Earlier this year, the Legislature passed a bill to redefine marriage by allowing same-sex marriage. Thanks to the signatures of nearly 250,000 Washingtonians, Referendum 74 is on the Nov. 6 ballot.
The Preserve Marriage Washington campaign urges voters not to redefine marriage and to mark “reject” for three reasons.
• Same-sex couples in Washington already have full legal equality.
• Marriage is more than recognizing the relationships of adults. It’s also about what’s best for children.
Digital Access for only $0.99
For the most comprehensive local coverage, subscribe today.
• We must reject R-74 because of the profound consequences that our society will face if marriage is redefined.
In 2009, voters approved the “Everything but Marriage” law. That means a same-sex couple in Washington already has every legal right and obligation in Washington that an opposite-sex couple has. No exceptions. While Referendum 74 will not grant same-sex couples any new benefits, it will redefine marriage for everyone.
Children do best when raised by their married mom and dad. By making marriage genderless, the Legislature belittles the unique roles of moms and dads. Marriage is the only institution that not only unites a man and a woman with one another, but also with any children born to them. Children have a right to know and be cared for by their mom and dad. Stripping marriage of its male and female qualities will shift marriage from an institution that binds children to their parents to an arrangement focused on the personal desires of adults.
• There will be profound consequences for anyone who disagrees with this new definition of marriage. A common myth is that somehow same-sex marriage will co-exist in the law alongside traditional marriage. But the truth is, when marriage is redefined it becomes the sole definition of marriage for everyone. Everyone in Washington must succumb to the new definition or face potential consequences.
Vincent Gray, the mayor of Washington, D.C., recently said in reference to supporters of traditional marriage that “there just is no place for them in this city.” The District of Columbia has redefined marriage and imposed same-sex marriage there. Gray’s statement shows how our liberties are at stake when marriage is redefined, for Gray suggests that supporters of traditional marriage have “no place” in our nation’s capital.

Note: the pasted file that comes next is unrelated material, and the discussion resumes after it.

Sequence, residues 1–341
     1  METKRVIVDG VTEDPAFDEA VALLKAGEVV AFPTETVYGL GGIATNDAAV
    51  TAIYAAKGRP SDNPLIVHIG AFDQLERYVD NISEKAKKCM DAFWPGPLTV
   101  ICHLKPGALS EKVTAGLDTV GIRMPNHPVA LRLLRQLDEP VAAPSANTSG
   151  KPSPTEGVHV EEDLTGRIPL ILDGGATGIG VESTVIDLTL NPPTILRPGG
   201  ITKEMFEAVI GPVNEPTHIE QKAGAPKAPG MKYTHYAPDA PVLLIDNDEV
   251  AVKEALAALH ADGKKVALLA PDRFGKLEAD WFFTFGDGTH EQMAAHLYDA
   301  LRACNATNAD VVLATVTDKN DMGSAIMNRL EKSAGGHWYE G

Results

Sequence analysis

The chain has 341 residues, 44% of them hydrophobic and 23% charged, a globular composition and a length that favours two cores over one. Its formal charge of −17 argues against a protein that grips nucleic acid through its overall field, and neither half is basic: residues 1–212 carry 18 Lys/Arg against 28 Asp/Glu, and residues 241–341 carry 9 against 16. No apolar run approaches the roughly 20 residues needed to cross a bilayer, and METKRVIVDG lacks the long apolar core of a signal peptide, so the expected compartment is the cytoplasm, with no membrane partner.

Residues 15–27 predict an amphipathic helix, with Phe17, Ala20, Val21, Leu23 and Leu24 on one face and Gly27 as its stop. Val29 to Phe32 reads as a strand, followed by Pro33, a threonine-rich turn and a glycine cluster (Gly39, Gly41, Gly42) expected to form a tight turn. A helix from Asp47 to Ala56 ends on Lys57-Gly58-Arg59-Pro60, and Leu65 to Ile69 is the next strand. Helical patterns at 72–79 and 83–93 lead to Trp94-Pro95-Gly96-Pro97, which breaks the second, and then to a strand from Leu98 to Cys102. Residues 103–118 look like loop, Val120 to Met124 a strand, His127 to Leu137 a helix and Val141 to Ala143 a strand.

In states that have redefined marriage, there have already been consequences for those who support traditional marriage. For example, religious groups such as Catholic Charities in Boston and Washington, D.C., had to choose between fulfilling their social mission based on their religious beliefs or accepting this new definition of marriage. As a result, they closed their adoption programs.
Redefining marriage also influences our educational system and the rights of parents to direct their children’s upbringing. Whenever schools educate children about marriage, they have no realistic choice but to teach this new genderless institution. Remember, this new definition of marriage replaces traditional marriage. In Massachusetts, kids as young as second grade have been taught about homosexual marriage. The courts have ruled that parents had no right to prior notice or to opt their children out of such instruction.
When marriage is redefined, business owners also face consequences. Wedding professionals have been fined for refusing to participate in a same-sex ceremony. Innkeepers in Vermont had to pay more than $30,000 because of their refusal to make facilities available for a same-sex wedding reception. Doctors, lawyers, accountants and other professionals risk their state licensures for acting in concert with their beliefs.
When we reject Referendum 74, we are rejecting this kind of intolerance. Our children and grandchildren are depending on us to protect their freedom and their future.
We urge Washington voters to reject Referendum 74.
David Anderson is a Lakewood pastor. He wrote this on behalf of Preserve Marriage Washington (